"One hundred and seventy-six young people have been killed in Soweto, and for New Zealand to send a Rugby team there after the Supreme Athletic Council (SAC) had made the announcement that we would not run in the games with any country that would corroborate with the racist government in South Africa!" He stopped short, exasperated.
Evans referred to the crux of the African withdrawal: the fact that in spite of the understanding reached by African nations and the SAC, New Zealand took part in its scheduled rugby matches in South Africa, leaving the African nations no recourse but to pull out of the games.
Americans failed to support the African boycott, black and white athletes alike apparently feeling no allegiance to the African struggle. Ironically, it was only eight years ago, in Mexico City, that Americans Tommy Smith and John Carlos raised clenched fists while on the victory stand to symbolize the worldwide black liberation struggle.
Gauging the reactions of the other athletes, however, was difficult. Guy Toupin, who was a consultant for this summer's Israeli attack on Entebbe, Angola, coordinated security for the games, making it very difficult to obtain interviews.
Armed guards prowled the Olympic compound, making it virtually impossible to reach Juantorena and the Cuban delegation or any East European athletes. Hasely Crawford, Trinidadian gold medal winner of the 100-meter race, was accessible and open to speaking to the Sun, which he had read as a student at Eastern Michigan University.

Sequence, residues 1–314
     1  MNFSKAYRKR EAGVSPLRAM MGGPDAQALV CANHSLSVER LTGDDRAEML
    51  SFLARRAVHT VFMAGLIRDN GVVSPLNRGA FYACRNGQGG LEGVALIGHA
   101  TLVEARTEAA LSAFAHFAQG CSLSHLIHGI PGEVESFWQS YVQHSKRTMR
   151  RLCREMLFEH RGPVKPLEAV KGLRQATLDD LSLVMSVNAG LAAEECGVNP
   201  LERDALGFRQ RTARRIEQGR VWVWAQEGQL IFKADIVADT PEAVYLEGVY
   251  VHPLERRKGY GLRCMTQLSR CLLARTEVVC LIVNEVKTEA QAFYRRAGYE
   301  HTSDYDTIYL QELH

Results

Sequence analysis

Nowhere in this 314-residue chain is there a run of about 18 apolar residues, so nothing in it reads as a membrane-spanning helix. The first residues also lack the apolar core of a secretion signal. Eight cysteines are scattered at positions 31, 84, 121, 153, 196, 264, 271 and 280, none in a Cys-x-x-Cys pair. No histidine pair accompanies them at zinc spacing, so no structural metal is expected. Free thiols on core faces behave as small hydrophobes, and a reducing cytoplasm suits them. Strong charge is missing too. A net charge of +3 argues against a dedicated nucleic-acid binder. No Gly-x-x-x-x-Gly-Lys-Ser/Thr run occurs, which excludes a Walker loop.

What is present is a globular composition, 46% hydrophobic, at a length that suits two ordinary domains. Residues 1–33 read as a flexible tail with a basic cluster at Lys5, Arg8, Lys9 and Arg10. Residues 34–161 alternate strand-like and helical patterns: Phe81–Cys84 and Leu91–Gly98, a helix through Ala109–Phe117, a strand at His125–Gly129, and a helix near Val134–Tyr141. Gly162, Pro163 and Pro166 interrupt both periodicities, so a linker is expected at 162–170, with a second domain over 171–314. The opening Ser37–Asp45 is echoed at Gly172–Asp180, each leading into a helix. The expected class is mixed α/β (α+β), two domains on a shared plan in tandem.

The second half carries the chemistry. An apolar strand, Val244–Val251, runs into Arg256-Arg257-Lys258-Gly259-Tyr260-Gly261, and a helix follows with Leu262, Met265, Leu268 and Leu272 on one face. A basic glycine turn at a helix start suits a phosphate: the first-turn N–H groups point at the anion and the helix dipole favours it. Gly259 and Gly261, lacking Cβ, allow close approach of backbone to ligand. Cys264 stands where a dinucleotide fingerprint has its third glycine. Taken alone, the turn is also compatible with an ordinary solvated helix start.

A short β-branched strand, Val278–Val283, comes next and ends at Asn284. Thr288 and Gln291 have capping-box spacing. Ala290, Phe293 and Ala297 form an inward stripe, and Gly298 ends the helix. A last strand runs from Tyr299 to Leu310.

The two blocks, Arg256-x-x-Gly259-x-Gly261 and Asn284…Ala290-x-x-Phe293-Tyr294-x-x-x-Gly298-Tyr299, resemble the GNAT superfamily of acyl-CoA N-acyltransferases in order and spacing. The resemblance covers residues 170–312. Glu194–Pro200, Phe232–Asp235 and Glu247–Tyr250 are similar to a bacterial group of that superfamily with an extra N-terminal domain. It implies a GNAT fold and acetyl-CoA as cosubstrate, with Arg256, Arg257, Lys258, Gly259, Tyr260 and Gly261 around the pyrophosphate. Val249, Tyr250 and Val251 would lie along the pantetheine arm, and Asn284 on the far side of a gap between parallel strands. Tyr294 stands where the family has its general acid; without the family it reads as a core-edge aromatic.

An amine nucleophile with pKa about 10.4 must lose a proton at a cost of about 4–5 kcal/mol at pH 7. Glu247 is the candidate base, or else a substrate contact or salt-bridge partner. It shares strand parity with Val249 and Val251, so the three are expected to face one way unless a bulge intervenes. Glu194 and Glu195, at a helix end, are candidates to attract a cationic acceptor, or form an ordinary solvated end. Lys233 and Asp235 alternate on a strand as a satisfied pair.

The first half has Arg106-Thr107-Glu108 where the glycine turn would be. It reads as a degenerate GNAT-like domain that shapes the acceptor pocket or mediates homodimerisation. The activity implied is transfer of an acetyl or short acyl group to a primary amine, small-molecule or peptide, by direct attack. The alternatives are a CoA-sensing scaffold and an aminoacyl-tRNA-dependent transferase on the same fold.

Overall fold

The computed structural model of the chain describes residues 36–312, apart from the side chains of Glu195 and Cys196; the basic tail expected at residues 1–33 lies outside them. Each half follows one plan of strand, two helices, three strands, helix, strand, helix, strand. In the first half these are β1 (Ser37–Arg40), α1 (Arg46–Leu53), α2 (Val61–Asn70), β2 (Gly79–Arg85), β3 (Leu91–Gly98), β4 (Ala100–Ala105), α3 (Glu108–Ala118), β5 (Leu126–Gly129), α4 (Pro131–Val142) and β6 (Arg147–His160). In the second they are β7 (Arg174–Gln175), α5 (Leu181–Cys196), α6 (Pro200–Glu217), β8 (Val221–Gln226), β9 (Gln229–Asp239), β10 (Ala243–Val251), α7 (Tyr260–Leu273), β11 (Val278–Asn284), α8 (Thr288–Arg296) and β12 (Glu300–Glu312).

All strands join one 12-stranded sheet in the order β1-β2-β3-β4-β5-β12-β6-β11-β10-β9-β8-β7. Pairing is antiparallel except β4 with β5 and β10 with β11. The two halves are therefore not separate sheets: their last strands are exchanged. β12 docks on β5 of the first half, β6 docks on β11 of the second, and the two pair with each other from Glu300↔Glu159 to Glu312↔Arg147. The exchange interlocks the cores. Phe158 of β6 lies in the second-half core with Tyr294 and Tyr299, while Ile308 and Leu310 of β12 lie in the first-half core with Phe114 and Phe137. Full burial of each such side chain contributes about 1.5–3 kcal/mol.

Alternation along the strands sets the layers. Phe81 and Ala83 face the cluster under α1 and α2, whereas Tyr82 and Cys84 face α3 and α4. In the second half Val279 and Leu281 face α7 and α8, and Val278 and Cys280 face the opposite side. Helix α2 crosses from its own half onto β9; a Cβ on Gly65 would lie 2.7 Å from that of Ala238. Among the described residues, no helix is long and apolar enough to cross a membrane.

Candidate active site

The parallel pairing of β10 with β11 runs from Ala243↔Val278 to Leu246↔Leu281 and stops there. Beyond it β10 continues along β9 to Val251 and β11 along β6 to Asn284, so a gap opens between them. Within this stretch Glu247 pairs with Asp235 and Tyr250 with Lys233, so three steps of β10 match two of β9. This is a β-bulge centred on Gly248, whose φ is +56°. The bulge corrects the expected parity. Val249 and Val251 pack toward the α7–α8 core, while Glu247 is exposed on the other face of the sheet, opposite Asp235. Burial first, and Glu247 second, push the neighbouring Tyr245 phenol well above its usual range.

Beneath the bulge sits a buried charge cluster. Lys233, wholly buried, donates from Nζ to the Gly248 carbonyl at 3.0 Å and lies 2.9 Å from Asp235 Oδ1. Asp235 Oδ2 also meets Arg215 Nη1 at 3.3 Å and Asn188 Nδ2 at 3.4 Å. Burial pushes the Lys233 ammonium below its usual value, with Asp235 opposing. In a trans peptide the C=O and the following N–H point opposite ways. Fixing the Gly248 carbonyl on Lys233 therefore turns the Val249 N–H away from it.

Crawford said he felt "special about being the fastest man in the world," the reputation carried by the winner of the 100 meters. But the Trinidadian attributed his success to the opportunities that came with obtaining an athletic scholarship in the United States.
Jamaican coach Al Phillips concurred, saying "Jamaican resources are limited, and sometimes it's difficult to get the kind of facilities we want for the kids." One of the Jamaican "kids," Donald Quarrie, made the best of his training facilities, winning a gold medal in the 200 meters and a silver in the 100 meters, behind Crawford.
Third-world women runners, though, were unable to defeat East German runners, whose regimented training and government sponsorship carried them to golds in nine of 14 track events. A young American team - sparked by Cassandra Cheeseborough and Sheila Ingram - was also unable to keep up with the Germans but should provide stiffer competition in the 1980s games in Moscow.
That is, if there are 1980 Olympic Games. While the events and the fine showings of many third-world and American athletes proved an interesting distraction in Montreal, the real focus, and undoubtedly the focus in Moscow in four years, will be on the political games.
All seemed peaceful and inviting enough as the large television screen in Montreal's Olympic Stadium cut away to the scene in Moscow, where the Soviets are already preparing to welcome athletes from across the globe.
Watching the spectacle, one could almost forget the colorful Indian pageantry with which the Canadians had closed the 1976 games. The only other Indians seen throughout the games had been two Indians outside the stadium, hustling jewelry in the shadows.